The Midwestern portion of the United States is more than just a bunch of plains and farmland. Somewhere in the heart of America lies some of the most unusual attractions and interesting sights including these handful of quirky US Midwest museums. Come along as I take on the road and discover a number of dying art forms that are slowly making a comeback and learn a thing or two about American history and culture too.
Quirky US Midwest Museums
Museum of Miniature Houses, Carmel, Indiana
The Museum of Miniature Houses is a little girl’s dream playhouse with hundreds of adorable dollhouses, model scales, and teeny replicas of random items available to view at this suburban Indianapolis town. Three local women artists who simply wanted to share their passion with others started creating these exquisite works of art. A few of the items on permanent display include a ½ scale of an authentic San Francisco Victorian home, model scale replica of an English manor style house with a tropical theme, and miniature versions of the Thorne Room (the original design is on display at the Art Institute of Chicago).
Salt and Pepper Shaker Museum, Gatlinburg, Tennessee
It’s more than just a novelty, at least according to the Ludden family, whose interest in collecting salt and pepper shakers grew into a passion that led them to relocate in 2001 to Gatlintown, Tennessee, a scenic town considered the gateway to the Great Smoky Mountains, and open the Salt and Pepper Shaker Museum. The family’s collection (around 20,000) has grown so large that they even felt compelled to open a sister museum in Spain. In addition to around thousands of salt and shaker pairs you’ll get to see, you’ll also learn a little about cultural history and plenty of useful trivia associated with these kitchen accessories.
Leila’s Hair Museum, Independence, Missouri
Prepare to see wreaths of hair and lots of it at Leila’s Hair Museum, one of the quirky US Midwest museums, located in the city of Independence, Missouri. The museum was the creation of retired hairdresser Leila Cohoon, who wanted to highlight the artistry of hair and hair design. She opened the museum 30 years ago in a room within her cosmetology school. There are currently 600 hair wreaths and over 2,00 pieces of jewelry made from strands of human hair on display in the museum, all of which contains a highly personal story behind it. Some of the highlights include hair from celebrities such as Marilyn Monroe and Michael Jackson as well as intricate and beautifully crafted pieces from the Victorian era.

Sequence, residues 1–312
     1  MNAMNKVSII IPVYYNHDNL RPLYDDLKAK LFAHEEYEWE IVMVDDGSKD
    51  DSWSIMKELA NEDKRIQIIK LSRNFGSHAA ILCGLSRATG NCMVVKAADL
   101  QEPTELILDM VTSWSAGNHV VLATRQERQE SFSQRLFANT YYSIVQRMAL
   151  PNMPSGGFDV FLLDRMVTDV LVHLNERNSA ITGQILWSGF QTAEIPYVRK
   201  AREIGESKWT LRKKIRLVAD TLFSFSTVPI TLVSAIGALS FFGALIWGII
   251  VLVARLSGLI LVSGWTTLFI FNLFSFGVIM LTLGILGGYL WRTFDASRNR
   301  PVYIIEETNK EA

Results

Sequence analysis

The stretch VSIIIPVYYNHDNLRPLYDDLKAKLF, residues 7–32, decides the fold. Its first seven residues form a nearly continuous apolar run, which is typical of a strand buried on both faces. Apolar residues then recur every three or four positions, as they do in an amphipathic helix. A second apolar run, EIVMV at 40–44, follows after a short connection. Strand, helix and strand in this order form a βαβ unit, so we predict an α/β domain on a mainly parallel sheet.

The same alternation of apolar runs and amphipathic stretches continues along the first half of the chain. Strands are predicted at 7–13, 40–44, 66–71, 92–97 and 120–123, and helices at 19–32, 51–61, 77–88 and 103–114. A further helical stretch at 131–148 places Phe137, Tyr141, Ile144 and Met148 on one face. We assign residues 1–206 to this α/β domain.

Matchstick Marvels Museum, Glabrook, Iowa
Do you remember, back in the day, when matches were still used to light candles and fires? It turns out that same item collectively glued together can create some pretty spectacular pieces of art. That’s exactly what native Iowan artist Patrick Acton has done when he decided to create scale-models of famous ships, airplanes, and both real life and fiction attractions. His hobby for gluing small pieces of wood together led him to open the Matchstick Marvels Museum, where visitors from around the world can view his works of art such as the model of the USS Constitution, the Wrights Brother’s Flyer, and Hogwarts School of Witchcraft and Wizardry. The oldest item on display was a simple scale-model of a church that Acton completed way back in 1977. Since then, his projects became more ambitious, as demonstrated by his recent projects that included a scaled down replica of the International Space Station, which is on display at NASA’s Space Center in Houston, Texas. Matchstick Marvels Museum continues to be one of Iowa’s most popular attractions.
National Mustard Museum, Middleton, Wisconsin
The culmination of this road trip to the quirky US Midwest museums takes us to a town in Wisconsin called Middleton, where fans of mustard will find themselves a very nice surprise. Enter the National Mustard Museum, (that’s right, a museum dedicated solely to mustards), where you’ll find over 5,000 different types, hailed from more than 70 countries. What’s even more interesting than the museum itself is its backstory? Founder and curator Barry Levenson came up with the idea after an excursion at the supermarket the night his beloved Boston Red Sox lost the World Series in 1986. He was perusing the mustard aisle when he heard a voice telling him to start a collection. Six years later, in 1992, he left full-time job and opened the museum.